[Foundation-l] getting Wikipedia to the 5.2 billion people who can't access it

Thomas Dalton thomas.dalton at gmail.com
Sun May 31 13:17:59 UTC 2009

2009/5/31 Anthony <wikimail at inbox.org>:
> If Waves works anything like email, then it will be possible to use it when
> not directly connected to the Internet.  How's that for helping get
> Wikipedia to people without Internet access?

Not very. Waves, like email, should work for people with intermittent
internet access, but it's pretty useless for people with no internet

>> Wikipedia has already become a dominant information source for the 1.5
>> >> billion people with Internet access thanks to Google.
>> >>
>> >
>> > How does being a dominant information source for people help the WMF
>> achieve
>> > its goals?
>> I don't think being dominant helps in any way, but being an
>> information source for people basically *is* the WMF's goal.
> The goal is for the information to get to the people.  Being the source is
> only the means to that goal.

Fair enough, but I think that's mostly a technicality. Information
travels along a chain, wherever the WMF is in that chain you can
probably call it a/the source.

>> > Personally, I didn't even know the number was 5.2 billion.  Should I do
>> this
>> > further research myself, or can someone answer these questions for me?
>> Wikipedia [1] tells me there are 1.58 billion internet users world
>> wide. It also tells me [2] there are 6.78 billion people in the world.
>> That leaves 5.20 billion non-internet users.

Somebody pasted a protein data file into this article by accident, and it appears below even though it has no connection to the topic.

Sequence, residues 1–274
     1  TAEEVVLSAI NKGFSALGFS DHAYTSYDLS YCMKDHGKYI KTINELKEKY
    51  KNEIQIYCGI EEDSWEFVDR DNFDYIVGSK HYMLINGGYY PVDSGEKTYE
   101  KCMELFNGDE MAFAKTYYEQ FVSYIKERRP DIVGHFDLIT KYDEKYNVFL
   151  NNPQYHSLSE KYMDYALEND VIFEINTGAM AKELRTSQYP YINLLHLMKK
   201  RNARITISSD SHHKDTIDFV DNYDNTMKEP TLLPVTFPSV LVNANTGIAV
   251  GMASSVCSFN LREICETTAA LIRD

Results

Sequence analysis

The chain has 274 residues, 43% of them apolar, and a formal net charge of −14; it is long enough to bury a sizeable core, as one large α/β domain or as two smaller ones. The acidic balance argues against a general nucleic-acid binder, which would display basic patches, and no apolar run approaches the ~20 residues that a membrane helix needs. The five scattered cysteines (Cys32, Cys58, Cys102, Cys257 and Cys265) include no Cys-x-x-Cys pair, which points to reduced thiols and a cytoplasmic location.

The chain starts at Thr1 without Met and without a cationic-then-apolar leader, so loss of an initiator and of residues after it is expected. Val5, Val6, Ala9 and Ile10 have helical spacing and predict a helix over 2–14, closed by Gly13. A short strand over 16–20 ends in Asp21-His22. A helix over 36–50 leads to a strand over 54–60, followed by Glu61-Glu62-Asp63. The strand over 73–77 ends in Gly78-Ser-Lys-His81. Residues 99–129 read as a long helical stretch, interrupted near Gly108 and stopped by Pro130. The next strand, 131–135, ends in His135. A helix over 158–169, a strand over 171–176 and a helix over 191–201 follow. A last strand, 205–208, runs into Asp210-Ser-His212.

> Ah.  :(  That's not very helpful...  What does it mean to be an "internet
> user"?

Don't know, I didn't look at the methodology of the statistics (rookie
mistake, I know). Hang on... Ok, it looks like the data comes fro a
variety of sources, so I doubt there is a common methodology. Take the
statistics with a large pinch of salt!

> While we can't directly help with things like getting
>> people access to clean water, education is a very important part of
>> any long term scheme to get people out of poverty, and we can
>> certainly help there.
> I'd say education is lower on the list than most people think, unless you
> mean education as a means to get the hell out of the place you're living in.

It depends if you are thinking long term or short term. Short term,
education is pretty useless, but long term it is extremely important.
I don't think getting people out of poverty by moving them is a
sustainable strategy, you need to make the poor villages wealthier.
That means enabling them to move beyond subsistence living, which
education is a key part of.

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